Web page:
When doctor and author Rachel Naomi Remen (Kitchen Table Wisdom
) was young, she was caught between two different views of life: that of her rabbi grandfather and that of her highly academic, research-oriented parents, who believed religion was the opiate of the masses. As Remen gravitated toward academics and serving the world as a medical doctor, her grandfather became an "island of mysticism in a vast sea of science." But over time, Remen discovered that two seemingly divergent paths could lead to the same destination, especially as she learned to blend her spiritual beliefs with her medical treatment.
Remen uses the heart-rending stories of her patients to teach readers how to follow in her example, that is, combining a life of service with a life of receiving and giving blessings (a combination that avoids common problems such as burnout, self-sacrifice, and navel gazing). Remen also includes personal stories of her grandfather, who showered the world with his mystical beliefs and wizened blessings. While this story-by-story structure is similar to the bestselling Kitchen Table Wisdom, it is still a tearful and satisfying formula. --Gail Hudson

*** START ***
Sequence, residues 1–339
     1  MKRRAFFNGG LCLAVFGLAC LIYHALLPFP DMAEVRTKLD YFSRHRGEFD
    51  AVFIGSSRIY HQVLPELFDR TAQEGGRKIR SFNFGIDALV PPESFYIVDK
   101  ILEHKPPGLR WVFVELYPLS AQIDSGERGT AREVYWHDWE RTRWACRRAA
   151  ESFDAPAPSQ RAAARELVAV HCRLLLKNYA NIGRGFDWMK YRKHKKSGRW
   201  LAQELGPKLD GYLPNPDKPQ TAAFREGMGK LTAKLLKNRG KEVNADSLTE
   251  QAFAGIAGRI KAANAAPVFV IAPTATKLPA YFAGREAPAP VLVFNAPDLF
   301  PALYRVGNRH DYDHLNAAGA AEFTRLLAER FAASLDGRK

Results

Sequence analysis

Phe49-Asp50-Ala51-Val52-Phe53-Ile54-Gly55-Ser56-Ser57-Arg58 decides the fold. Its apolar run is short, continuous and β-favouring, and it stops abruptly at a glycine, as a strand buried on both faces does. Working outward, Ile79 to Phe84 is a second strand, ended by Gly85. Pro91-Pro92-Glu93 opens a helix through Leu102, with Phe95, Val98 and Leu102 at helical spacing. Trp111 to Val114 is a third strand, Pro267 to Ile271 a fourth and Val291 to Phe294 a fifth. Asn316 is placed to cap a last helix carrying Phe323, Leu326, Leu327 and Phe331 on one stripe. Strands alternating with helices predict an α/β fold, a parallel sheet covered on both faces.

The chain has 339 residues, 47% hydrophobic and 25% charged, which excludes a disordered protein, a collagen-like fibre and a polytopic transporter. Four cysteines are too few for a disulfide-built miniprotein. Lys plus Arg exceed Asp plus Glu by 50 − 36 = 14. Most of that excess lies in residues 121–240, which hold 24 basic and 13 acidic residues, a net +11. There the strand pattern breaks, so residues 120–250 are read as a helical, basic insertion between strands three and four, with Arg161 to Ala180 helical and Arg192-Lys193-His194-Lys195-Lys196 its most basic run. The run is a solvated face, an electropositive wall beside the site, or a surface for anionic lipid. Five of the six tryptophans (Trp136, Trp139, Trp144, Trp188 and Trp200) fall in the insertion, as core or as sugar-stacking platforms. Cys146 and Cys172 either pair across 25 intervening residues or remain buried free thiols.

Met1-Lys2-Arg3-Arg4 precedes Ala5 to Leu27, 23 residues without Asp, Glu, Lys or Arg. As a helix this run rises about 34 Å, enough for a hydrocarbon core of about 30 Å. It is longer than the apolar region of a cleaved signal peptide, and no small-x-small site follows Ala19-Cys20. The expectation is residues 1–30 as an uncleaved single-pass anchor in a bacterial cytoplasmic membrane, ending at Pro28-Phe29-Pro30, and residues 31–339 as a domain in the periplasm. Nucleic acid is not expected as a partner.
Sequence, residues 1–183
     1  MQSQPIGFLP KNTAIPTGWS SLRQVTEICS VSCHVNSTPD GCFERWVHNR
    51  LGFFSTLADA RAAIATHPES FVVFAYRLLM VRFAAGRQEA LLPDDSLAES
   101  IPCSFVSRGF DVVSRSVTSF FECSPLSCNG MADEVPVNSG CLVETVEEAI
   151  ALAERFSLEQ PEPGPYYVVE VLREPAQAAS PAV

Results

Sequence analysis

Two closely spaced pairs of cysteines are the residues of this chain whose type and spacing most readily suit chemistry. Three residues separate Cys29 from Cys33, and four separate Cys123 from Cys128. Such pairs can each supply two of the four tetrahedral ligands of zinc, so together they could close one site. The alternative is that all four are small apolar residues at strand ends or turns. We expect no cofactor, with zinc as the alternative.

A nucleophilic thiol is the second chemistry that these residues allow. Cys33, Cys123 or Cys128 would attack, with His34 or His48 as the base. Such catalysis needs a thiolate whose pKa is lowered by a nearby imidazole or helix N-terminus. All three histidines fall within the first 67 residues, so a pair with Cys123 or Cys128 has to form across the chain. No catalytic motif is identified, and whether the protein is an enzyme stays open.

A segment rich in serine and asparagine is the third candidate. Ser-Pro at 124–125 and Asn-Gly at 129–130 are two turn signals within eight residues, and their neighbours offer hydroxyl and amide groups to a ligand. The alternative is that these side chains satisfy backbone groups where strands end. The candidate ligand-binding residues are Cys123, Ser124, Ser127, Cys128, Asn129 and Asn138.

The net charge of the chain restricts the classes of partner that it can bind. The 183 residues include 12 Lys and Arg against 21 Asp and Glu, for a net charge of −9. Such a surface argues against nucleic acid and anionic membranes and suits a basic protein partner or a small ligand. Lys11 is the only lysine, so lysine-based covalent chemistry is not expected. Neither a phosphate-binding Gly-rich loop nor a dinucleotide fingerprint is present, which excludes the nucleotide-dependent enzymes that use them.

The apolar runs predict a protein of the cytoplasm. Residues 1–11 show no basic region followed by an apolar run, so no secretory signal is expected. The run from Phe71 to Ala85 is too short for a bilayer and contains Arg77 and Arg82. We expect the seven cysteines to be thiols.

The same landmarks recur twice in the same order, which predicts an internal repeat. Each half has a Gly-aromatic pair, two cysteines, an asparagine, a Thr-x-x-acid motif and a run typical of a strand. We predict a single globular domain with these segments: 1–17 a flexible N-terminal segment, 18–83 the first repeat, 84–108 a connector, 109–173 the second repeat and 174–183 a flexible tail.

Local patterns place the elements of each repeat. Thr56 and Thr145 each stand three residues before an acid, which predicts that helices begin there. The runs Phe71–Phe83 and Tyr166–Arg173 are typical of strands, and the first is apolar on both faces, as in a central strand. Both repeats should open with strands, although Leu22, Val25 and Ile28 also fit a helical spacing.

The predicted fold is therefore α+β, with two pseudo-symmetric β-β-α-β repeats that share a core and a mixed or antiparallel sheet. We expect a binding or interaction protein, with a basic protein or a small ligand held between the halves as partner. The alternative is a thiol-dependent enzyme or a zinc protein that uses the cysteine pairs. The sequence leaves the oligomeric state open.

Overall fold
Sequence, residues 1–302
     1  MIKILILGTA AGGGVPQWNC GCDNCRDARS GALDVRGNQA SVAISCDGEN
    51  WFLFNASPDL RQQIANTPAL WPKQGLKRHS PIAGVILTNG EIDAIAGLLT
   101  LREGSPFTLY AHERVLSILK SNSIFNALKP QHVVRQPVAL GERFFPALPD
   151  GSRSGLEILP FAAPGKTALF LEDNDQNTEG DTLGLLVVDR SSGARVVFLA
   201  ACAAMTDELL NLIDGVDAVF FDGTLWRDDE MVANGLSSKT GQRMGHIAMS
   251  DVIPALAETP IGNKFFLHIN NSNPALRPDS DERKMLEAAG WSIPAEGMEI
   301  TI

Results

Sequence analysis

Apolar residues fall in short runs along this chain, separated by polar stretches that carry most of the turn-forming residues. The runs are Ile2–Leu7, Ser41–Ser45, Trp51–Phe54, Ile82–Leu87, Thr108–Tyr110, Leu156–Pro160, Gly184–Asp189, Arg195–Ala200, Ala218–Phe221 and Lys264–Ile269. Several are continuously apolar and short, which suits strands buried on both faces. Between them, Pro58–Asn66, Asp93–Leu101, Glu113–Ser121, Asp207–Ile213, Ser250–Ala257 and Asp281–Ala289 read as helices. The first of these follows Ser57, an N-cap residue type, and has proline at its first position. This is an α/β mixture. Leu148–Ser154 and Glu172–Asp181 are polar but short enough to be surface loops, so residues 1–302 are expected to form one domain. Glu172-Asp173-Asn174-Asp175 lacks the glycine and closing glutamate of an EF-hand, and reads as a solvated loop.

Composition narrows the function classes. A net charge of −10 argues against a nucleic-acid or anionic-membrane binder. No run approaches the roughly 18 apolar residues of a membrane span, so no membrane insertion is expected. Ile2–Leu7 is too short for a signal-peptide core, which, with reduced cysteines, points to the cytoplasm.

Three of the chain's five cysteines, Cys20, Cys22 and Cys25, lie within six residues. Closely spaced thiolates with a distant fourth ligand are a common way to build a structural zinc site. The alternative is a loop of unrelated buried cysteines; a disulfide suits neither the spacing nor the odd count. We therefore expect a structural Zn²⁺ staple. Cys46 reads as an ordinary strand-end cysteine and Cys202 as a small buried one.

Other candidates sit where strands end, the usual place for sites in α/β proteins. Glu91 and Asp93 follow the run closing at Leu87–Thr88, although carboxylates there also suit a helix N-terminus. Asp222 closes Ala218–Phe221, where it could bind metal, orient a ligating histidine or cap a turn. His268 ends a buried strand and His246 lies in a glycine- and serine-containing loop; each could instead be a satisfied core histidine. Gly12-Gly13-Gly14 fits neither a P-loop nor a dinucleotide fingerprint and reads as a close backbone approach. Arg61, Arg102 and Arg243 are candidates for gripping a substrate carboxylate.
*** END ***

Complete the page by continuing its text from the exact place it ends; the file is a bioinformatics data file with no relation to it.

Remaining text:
From Publishers Weekly
When she was four years old, Remen's grandfather brought her an unusual present: a paper cup of dirt, which he instructed her to water daily. She did, with increasing boredom, until she was astonished to find that a plant had sprouted. "My grandfather was a scholar of the Kabbalah, the mystical teachings of Judaism," Remen tells us. Through this exercise and others, he taught her that the "spark of God" exists, even in the most unpromising places. Through a series of unpretentious, affecting vignettes, the author of the bestseller Kitchen Table Wisdom encourages readers to recognize and celebrate the unexpected blessings in their own lives. Many of her recollections are linked to her experiences as a medical student and a physician working with cancer patients, but the most memorable ones relate to Remen's deep engagement with her grandfather, who died when she was seven. She gently illustrates her advice through simple yet powerful stories, such as that of a young woman whose husband helped her discover the real meaning of beauty years after her devastating mastectomy; of a widow who learned to cherish her husband's memory with love instead of with "a monument of pain"; and of a little boy who recognized that it's easier to love just a few toys than it is to love many. "Wisdom," Remen writes in this exceptional book, "lies in engaging the life you have been given as fully and courageously as possible and not letting go until you find the unknown blessing that is in everything." Author tour.
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